Culture Shock When Teaching EFL

Teaching EFL abroad is a great opportunity to see the world and expand your horizons. But being away from home, family, living in a different culture and always being surrounded by the unfamiliar – well that can take its toll. You might be suffering from culture shock.

It starts with euphoria

The first thing you’ll feel when you get off the plane is euphoria. You’re in a new country, surrounded by new things and it’s simply amazing. But this natural high has its drawbacks – after all, what goes up, must come down.


The full force of culture shock

Everyone’s different and some lucky people don’t even suffer from culture shock. But those who do have reported feelings of unease, negativity and a strong desire to shy away from anything new.

How to deal with it

Dealing with culture shock isn’t as difficult as you’d think. There are just a few simple steps you can take, which can make a big difference:

  • Be prepared
    Knowing what to expect goes a long way to helping you deal with new cultures and experiences. So research the countryyou’re going to be heading to before you go.
  • Be yourself
    It sounds obvious doesn’t it? But you’d be surprised how many people travel to a new countryand try to become a completely different person at the same time. There’s no denying the fact that taking on a totally new career in a totally new country will change you. Just let it happen naturally, because if you don’t, you’ll feel even more lost.
  • Take one day at a time
    If you’re teaching abroad, you’re probably going to be away for a long time. But imagining a whole yearin this new, scary place can be overwhelming. So stay focused on the now and take one day at a time.
  • Make friends
    One of the things you’ll miss the most when you’re working abroadis your friends, so make new ones. So if you’re feeling down, tell someone about it – they’ll probably be feeling the same way.
  • Explore
    Getting to know your destinationwill help make it more familiar. And that’s the ultimate cure for culture shock. Start by looking for similarities between this new culture and your own.
  • Stay in touch
    When you’re feeling homesick, there’s nothing better than talking to someone from home. So make sure you keep in close contact with everyone you’ve left behind to go on your travels.
  • Learn the language
    The language barrier can put a real strain on you while you’re abroad. So you might find it useful to take a course before you go or while you’re there. Alternatively, ask the schoolyou’re working for to set up some language lessons for you.

Just remember, your trip will be whole lot better if you embrace new cultures, instead of clashing with them. So if all else fails, just go with the flow.

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Culture Shock When Living Abroad in Peru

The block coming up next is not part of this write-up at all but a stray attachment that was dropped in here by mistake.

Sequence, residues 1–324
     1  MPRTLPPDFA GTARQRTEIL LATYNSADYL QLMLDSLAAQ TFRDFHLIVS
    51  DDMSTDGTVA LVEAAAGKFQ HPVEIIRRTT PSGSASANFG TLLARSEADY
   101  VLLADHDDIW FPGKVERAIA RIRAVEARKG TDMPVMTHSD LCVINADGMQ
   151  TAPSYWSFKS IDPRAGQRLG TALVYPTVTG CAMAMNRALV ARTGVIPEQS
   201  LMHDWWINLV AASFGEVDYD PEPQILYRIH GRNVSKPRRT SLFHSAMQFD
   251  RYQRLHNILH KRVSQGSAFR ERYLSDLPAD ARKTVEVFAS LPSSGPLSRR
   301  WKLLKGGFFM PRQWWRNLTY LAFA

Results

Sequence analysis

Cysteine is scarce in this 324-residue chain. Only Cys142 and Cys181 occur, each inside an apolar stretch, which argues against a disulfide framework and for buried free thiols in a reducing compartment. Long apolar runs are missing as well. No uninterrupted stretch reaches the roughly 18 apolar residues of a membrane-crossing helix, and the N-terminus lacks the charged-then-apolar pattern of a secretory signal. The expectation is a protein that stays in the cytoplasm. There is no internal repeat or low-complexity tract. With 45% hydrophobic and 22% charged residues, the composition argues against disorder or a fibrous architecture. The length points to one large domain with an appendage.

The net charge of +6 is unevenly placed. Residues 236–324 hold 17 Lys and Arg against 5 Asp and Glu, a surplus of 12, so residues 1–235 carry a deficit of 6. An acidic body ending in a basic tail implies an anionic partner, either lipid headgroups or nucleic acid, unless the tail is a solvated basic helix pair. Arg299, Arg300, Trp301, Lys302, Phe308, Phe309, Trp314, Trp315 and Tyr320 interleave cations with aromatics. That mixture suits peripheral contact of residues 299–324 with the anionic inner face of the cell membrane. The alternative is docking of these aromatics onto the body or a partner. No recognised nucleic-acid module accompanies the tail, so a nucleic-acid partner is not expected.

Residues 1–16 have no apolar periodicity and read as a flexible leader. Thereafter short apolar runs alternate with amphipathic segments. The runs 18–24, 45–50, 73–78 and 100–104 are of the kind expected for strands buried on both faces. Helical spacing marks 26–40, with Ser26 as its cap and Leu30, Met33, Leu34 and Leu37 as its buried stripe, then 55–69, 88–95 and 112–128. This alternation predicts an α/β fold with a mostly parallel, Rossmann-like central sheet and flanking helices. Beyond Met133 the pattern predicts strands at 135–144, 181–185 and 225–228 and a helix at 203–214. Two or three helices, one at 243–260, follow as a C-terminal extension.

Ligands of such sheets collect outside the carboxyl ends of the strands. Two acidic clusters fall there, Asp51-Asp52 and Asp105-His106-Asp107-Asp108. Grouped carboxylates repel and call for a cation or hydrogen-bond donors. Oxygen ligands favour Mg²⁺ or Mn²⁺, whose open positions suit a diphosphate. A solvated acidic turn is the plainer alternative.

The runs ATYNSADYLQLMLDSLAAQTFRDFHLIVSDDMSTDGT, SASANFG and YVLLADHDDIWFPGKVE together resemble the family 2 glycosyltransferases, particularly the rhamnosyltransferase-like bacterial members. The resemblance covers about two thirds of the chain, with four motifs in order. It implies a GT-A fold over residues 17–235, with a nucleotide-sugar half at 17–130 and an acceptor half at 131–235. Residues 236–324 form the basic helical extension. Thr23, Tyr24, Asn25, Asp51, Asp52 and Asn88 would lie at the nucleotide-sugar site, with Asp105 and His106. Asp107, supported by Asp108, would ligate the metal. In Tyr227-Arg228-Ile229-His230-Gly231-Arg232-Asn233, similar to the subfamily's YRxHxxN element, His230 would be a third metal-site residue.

Culture shock defines itself as a feeling of disorientation when experiencing an unfamiliar way of life, often when travelling or living in a foreign country, and it can be an inevitable part of living abroad. Its effects are limited for short-term travelers who are simply passing through, however if you decide to stay and live in a foreign country, it can be a small challenge that you face on a daily basis. Lima, the main arrival point for most expats and probably the most popular destination for expats to live in, can be overwhelming to say the least. The moment you step off the plane you are confronted by the noise, traffic, pollution and the generally chaotic nature that defines most South American cities. Here are some simple tips to help you adapt and orientate yourself in order to reduce the effect of culture shock on your wonderful new life in Peru:

 

Learn Spanish

Learn Spanish and practice it every opportunity you get. Not only are Peruvians very receptive to you attempting to communicate in their language, it is also the key to connecting to and becoming a part of the local community. Even though struggling to navigate your way through a new language can be daunting, it is a vital step in the process of learning to not only survive but really enjoy life here. It will make daily life much less stressful and easier to navigate and allow you to develop new relationships with everyone from your neighbours to the cute guy on the bus.

 

Community

Become a part of your local community and make an effort to make friends with the locals. Go to local restaurants and bars and discover the culture that Peruvians enjoy; give your Spanish a work out and ask new friends and acquaintances for their personal recommendations, as a local’s tip is worth its weight in gold. It’s great to take pleasure in the familiarity and ease of company of fellow expats, but if they are the only people in your social circle you are limiting the possibilities of your experience abroad, not to mention not doing your Spanish any favours.

 

Street Smart

Get street smart and avoid running into problems. Crime is a problem in Peru so it’s best to accept the reality of the situation, be aware of the risks and practice caution. When travelling to any country with higher rates of poverty than your home country, it’s always wise to avoid calling attention to yourself by using flashy jewellery, expensive clothing and accessories. Inform yourself of risks and dangers so as to avoid them; only catch taxis which are registered and be sure to agree on the price before getting in, don’t pay for taxi fares with big notes as they may be switched for fake currency and if you feel vulnerable in a taxi call a friend during the journey telling them where you are and the number of the driver. Small things like this can make a difference and knowledge is key to avoid being caught out as a naive foreigner.

 

Educate Yourself